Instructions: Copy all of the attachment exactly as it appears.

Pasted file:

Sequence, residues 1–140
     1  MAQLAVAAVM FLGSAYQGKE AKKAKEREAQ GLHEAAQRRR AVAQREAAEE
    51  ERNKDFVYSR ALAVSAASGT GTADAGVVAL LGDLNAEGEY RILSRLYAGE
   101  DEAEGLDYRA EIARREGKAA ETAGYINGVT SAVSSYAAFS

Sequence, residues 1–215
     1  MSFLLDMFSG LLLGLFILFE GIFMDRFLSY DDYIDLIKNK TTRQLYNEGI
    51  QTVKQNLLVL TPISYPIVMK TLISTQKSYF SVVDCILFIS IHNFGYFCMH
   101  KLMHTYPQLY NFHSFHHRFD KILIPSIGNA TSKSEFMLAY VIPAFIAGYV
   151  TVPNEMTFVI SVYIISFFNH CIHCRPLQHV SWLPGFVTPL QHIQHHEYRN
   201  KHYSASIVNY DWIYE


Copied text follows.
Sequence, residues 1–140
     1  MAQLAVAAVM FLGSAYQGKE AKKAKEREAQ GLHEAAQRRR AVAQREAAEE
    51  ERNKDFVYSR ALAVSAASGT GTADAGVVAL LGDLNAEGEY RILSRLYAGE
   101  DEAEGLDYRA EIARREGKAA ETAGYINGVT SAVSSYAAFS

Sequence, residues 1–215
     1  MSFLLDMFSG LLLGLFILFE GIFMDRFLSY DDYIDLIKNK TTRQLYNEGI
    51  QTVKQNLLVL TPISYPIVMK TLISTQKSYF SVVDCILFIS IHNFGYFCMH
   101  KLMHTYPQLY NFHSFHHRFD KILIPSIGNA TSKSEFMLAY VIPAFIAGYV
   151  TVPNEMTFVI SVYIISFFNH CIHCRPLQHV SWLPGFVTPL QHIQHHEYRN
   201  KHYSASIVNY DWIYE